But Glass and devices like it (like Vuzix) still have some obstacles to overcome, such as pricing and concerns over privacy. Store and restaurant owners are already deciding whether to allow the headworn futuristic things into their establishments, and there’s no doubt some litigation and legislation to follow. I believe that, like tablets and smartphones, they’ll attract a limited stratum of superuser. Then once someone discovers the killer application, we’ll all wonder how we survived without them.

stock-blog-tablet-heldMobile Tablets: Naturally, the iPad, Android, Kindle (oh, and Microsoft Surface) tablets have changed the way people view content. First, they’re now more likely to browse while watching television, as well as carry the things into restaurants to amuse their fidgety children (guilty!). But there’s no reason they can’t be considered tremendous content-creation tools as well.

Tablets are fine for writing, but because of the tablet’s touchscreen, they lend themselves readily to graphics production and editing. Specialized tablet apps like Adobe’s Photoshop Touch, and something like Sketchbook Express let you edit photos and create graphics. And of course there’s a phalanx of apps that let you share them on the web pretty easily, even from a phone.

stock-blog-power-gloveDon’t Leave Without Your Gloves: By now you’ve seen Minority Report, and while, like me, you probably can’t remember the story, I’ll bet you remember Tom Cruise’s computerized gloves. They were simply the interface for a gee-whiz transparent display, but they captured the imagination of tech geeks everywhere.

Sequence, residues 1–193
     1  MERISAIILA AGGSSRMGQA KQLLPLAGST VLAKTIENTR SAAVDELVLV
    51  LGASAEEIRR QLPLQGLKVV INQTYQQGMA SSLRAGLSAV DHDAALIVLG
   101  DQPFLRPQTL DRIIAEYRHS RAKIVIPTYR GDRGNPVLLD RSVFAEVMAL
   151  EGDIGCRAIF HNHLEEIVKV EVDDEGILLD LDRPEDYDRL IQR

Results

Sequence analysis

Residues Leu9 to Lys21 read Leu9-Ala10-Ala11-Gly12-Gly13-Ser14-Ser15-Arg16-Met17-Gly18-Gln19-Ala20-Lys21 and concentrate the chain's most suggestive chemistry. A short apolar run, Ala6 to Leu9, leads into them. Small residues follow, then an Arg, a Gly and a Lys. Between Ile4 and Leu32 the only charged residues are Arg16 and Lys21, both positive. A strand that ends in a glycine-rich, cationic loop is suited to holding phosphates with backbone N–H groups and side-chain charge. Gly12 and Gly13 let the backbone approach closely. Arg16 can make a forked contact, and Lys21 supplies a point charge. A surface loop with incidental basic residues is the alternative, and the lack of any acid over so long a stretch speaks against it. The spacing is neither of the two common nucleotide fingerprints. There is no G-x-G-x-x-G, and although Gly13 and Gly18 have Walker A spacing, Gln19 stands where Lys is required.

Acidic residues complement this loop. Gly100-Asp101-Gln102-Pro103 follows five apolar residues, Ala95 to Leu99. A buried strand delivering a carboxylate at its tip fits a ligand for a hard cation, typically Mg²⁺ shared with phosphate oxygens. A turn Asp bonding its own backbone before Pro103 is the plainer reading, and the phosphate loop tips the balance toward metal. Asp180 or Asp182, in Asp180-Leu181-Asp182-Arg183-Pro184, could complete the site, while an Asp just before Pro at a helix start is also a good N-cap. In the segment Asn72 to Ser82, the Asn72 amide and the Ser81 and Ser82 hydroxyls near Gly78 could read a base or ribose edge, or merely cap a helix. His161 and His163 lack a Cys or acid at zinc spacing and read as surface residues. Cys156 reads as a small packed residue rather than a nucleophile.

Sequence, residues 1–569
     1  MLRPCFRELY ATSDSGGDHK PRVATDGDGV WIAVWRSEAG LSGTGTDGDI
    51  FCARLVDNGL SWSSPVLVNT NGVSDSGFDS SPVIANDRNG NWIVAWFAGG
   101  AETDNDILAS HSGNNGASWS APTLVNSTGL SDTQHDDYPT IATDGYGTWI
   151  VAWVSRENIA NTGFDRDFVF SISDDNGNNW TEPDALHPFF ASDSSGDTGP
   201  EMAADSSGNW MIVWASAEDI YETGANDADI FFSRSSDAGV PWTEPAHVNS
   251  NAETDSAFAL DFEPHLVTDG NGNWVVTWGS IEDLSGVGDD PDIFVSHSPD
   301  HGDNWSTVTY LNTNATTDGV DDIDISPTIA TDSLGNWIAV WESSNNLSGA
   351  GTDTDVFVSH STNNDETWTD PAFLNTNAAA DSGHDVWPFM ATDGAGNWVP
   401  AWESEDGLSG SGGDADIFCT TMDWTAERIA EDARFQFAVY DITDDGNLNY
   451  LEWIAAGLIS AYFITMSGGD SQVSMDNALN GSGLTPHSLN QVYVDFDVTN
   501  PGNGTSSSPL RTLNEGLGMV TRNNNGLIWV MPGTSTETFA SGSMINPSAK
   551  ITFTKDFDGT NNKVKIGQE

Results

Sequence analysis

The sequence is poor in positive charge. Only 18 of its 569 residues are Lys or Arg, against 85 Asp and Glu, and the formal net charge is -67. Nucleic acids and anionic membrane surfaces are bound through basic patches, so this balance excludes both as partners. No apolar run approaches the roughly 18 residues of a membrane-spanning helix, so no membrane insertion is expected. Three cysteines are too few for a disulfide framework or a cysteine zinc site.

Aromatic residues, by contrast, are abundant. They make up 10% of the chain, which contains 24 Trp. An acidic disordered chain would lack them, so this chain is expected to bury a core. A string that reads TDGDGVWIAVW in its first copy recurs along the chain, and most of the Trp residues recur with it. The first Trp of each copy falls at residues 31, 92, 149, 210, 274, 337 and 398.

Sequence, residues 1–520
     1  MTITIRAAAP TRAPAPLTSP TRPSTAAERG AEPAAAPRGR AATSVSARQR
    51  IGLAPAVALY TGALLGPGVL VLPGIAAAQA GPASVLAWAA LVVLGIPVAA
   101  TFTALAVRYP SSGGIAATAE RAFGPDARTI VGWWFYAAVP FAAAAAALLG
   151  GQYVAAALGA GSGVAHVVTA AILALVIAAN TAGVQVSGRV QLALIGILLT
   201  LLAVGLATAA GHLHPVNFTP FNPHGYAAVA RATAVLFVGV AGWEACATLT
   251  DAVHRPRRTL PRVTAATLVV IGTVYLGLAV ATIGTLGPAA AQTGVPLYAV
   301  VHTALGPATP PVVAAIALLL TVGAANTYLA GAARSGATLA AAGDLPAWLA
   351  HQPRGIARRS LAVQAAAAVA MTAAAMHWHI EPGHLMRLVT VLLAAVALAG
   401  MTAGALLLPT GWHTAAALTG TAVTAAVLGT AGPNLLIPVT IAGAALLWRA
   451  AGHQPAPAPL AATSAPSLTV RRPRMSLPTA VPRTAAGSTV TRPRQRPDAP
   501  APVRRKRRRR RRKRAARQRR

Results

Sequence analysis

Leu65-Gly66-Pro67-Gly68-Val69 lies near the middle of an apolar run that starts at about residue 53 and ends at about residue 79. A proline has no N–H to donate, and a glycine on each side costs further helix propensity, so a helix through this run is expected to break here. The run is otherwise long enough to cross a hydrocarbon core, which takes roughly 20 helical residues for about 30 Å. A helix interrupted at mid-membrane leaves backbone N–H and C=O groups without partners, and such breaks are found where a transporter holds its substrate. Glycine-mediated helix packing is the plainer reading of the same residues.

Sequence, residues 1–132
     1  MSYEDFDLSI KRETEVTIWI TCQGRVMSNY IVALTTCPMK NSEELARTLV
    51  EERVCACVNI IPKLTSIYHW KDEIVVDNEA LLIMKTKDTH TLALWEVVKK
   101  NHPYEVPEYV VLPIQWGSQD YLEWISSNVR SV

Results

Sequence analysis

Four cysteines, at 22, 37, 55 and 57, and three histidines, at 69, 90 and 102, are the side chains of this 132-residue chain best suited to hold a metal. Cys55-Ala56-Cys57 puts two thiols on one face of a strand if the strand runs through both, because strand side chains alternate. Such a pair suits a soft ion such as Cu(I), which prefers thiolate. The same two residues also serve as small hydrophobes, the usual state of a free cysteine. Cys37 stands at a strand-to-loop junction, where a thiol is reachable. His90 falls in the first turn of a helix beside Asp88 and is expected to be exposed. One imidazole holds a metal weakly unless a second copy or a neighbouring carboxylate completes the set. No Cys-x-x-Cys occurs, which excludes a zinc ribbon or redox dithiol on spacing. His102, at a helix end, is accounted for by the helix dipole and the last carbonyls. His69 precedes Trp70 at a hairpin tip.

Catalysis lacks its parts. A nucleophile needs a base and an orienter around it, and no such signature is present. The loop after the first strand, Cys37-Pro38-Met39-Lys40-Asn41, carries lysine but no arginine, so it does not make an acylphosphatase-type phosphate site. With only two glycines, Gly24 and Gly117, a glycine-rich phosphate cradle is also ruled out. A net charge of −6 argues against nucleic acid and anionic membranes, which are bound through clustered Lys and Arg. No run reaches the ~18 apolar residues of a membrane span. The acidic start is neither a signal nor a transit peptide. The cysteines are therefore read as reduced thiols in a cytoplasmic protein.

Shouldn’t it be possible, someday, to use gloves like this to interface with a computer or other type of screen, to create all kinds of content? You could type away at thin air and see the results directly on your Google Glass display while sitting on a beach.

People who create content are always looking for that spark, an inspiration, and that often happens to us while sitting at the ballgame, hiking a mountain peak, or using a playground slide. These technological marvels will let us continue to search for inspiration, and take advantage of it immediately.

It’s The Thought That Counts

So these devices may make it easier to multitask and create on the fly. But if thinking is the problem, as the Texas A&M study reveals, can you create great content while using a treadmill? Anyone can ingest news and other content on the overhead televisions at the gym, and many people read books on Kindles and (gasp) paper while working out, riding the train, walking the dog, and doing all sorts of other activities.

Can it work the other way around? Can you create compelling content while crushing calories? Or is mental focus as critical to creativity as it is to driving? Arguably, most people will probably create higher-quality content when they are sitting quietly and undisturbed.

But what about those brain flashes that hit you while you’re inspecting avocados in the produce aisle? For instance, I’ve written entire blog posts while strolling through a mall. That doesn’t change the essential rules about identifying an audience, using research, and calling for action. For that, whatever futuristic device I’m using better be connected to the internet.

But no matter how easy it is to create content on these awesome tools, let’s just keep them out of the car.

Originally published on The KnowledgeVision Fresh Ideas Blog.